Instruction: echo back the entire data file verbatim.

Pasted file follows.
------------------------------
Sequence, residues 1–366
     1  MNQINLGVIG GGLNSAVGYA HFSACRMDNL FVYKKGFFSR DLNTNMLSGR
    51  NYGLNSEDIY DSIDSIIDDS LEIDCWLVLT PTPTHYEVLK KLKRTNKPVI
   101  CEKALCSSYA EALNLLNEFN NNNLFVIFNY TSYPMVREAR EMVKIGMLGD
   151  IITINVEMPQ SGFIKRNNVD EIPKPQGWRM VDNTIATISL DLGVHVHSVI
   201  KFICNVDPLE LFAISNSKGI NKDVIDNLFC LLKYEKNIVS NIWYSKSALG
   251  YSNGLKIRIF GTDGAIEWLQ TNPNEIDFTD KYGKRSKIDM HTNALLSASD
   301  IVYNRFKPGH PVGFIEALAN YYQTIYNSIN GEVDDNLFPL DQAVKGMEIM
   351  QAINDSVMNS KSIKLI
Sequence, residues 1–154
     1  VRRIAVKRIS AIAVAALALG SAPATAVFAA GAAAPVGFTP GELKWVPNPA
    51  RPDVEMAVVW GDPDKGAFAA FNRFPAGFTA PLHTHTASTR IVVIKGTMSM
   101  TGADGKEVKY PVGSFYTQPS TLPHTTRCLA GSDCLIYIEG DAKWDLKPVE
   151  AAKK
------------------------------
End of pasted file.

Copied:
Sequence, residues 1–366
     1  MNQINLGVIG GGLNSAVGYA HFSACRMDNL FVYKKGFFSR DLNTNMLSGR
    51  NYGLNSEDIY DSIDSIIDDS LEIDCWLVLT PTPTHYEVLK KLKRTNKPVI
   101  CEKALCSSYA EALNLLNEFN NNNLFVIFNY TSYPMVREAR EMVKIGMLGD
   151  IITINVEMPQ SGFIKRNNVD EIPKPQGWRM VDNTIATISL DLGVHVHSVI
   201  KFICNVDPLE LFAISNSKGI NKDVIDNLFC LLKYEKNIVS NIWYSKSALG
   251  YSNGLKIRIF GTDGAIEWLQ TNPNEIDFTD KYGKRSKIDM HTNALLSASD
   301  IVYNRFKPGH PVGFIEALAN YYQTIYNSIN GEVDDNLFPL DQAVKGMEIM
   351  QAINDSVMNS KSIKLI
Sequence, residues 1–154
     1  VRRIAVKRIS AIAVAALALG SAPATAVFAA GAAAPVGFTP GELKWVPNPA
    51  RPDVEMAVVW GDPDKGAFAA FNRFPAGFTA PLHTHTASTR IVVIKGTMSM
   101  TGADGKEVKY PVGSFYTQPS TLPHTTRCLA GSDCLIYIEG DAKWDLKPVE
   151  AAKK